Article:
A Post Not About Writing At All
I had a lot of success with the Slimming World fat-free diet, which I stayed on for at least four years, losing three stone and keeping that weight off for two years afterwards. But when things got emotionally overwhelming in the later part of 2015 and not even therapy and meditation could completely keep me on an even keel, I began bingeing again to cope.
I rapidly put back on about a stone and a half. Initially, I thought “never mind. I’ll just go back on the diet and take it off again,” but when I tried, I discovered – like a friend I had met at the Slimming World meetings – that it was a hell of a lot more difficult to make the diet work and to stick to it the second time.
Cue despair, because if you can put on a stone and a half over Christmas and the first two months of the year, where does it stop? I’ve feared all my life that if I ate ‘normally’ – if I ate what I wanted to, when I wanted to, I would just keep piling the weight on and on and on until I couldn’t walk for it.
But Slimming World had been my last hope as far as diets went. I’d tried counting calories, and that worked until I couldn’t bear it any longer and gave up, telling myself that if there was any way I could economically afford it I would never be that hungry again. Slimming World was good because it didn’t require you to be hungry, but God, the food got boring after four years. I’d tried low carb/Atkins but that’s no way for a vegetarian to live – our sources of protein are too limited, and meat is horrible.
So the only option seemed to be to learn to love being fat. I signed up for some fat positive blogs, read a lot of articles about how dieting didn’t work and replaced my size 12 wardrobe with enough size 16 things to be going on with until I inevitably progressed to 18 and then 20 and then upwards.
However, one of the ‘diets don’t work’ articles I read suggested Intuitive Eating as an alternative. Eat whatever you wanted and find a set point of weight around which you would naturally come to settle and normalize.
That sounded like the epitome of “That sounds fake, but…” Except for the fact that I am married to someone who’s never dieted in his life, never done more exercise than a bit of morris dancing twice a week (same as me), and yet whose weight never really fluctuated at all. He certainly wasn’t clinging onto it in desperation for fear that he’d end up physically incapacitated, the way I was. So clearly there is such a thing as an intuitive eater. It works for some people. I decided I would give it a go and see if it would work for me. There was, after all, nowhere else left to turn.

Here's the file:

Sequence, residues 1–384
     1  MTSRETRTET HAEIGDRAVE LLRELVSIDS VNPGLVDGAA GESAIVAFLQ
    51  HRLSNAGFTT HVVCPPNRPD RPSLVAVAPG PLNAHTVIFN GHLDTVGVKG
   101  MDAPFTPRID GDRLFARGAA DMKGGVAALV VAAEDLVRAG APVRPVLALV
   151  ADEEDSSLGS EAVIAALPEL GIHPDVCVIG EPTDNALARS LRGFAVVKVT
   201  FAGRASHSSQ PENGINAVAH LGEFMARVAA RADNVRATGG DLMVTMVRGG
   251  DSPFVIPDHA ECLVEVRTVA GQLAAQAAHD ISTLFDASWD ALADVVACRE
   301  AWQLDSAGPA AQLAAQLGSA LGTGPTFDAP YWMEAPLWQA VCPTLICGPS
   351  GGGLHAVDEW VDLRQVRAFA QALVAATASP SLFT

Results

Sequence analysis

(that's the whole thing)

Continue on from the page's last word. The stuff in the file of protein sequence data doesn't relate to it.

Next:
I bought the book and started trying to follow it some time around the beginning of February. I thought there would be rules, but basically the rule is “Eat when you’re hungry. Eat as much as it takes to make you full. Then stop.” You can eat whatever you want, just pay attention to what it is that you actually want, because it might be different from what you assume.
I feel that the meditation I had been on since October last year definitely helped in this, because I was used to concentrating on different parts of my body, paying attention to what was actually going on, and not just living on autopilot. So once I started paying attention to my food in a mindful sort of way several dramatic things happened very early on into my practice.
- I realized I didn’t actually want chocolate as much as I thought I did. Most of the time what I really craved was bread. I’ve been eating a lot of toast and butter – that being one of the things I absolutely could not have on the SW diet.
- In the past month I’ve had three occasions where I would probably have binged if I wasn’t paying attention. I started, and then I caught myself and asked ‘do I really want these biscuits?’ And the answer on two occasions was ‘no, really what I want is rest. I’m knackered.’ On the third occasion it was ‘no. I’m just upset and don’t want to think about it.’ So I rested/meditated instead.
- I’ve tasted and enjoyed my food more than at any other time in my life. It’s hard to pay attention – I generally eat and read, and I’ve had to give that up so I can actually experience what’s going on in my mouth and stomach – but it’s really been worth it. I’d no idea that food was this good.
- I am loving the fact that I can go out and eat anything without wondering how much fat or how many grams of carbs or how many calories are in it. I tried pho. It was fab!
By the end of this first month, although I haven’t weighed myself, my clothes are no tighter than they were. So I’m cautiously optimistic about this. I’m going to reserve final judgement until the end of the year, but yes. Thumbs up for month one!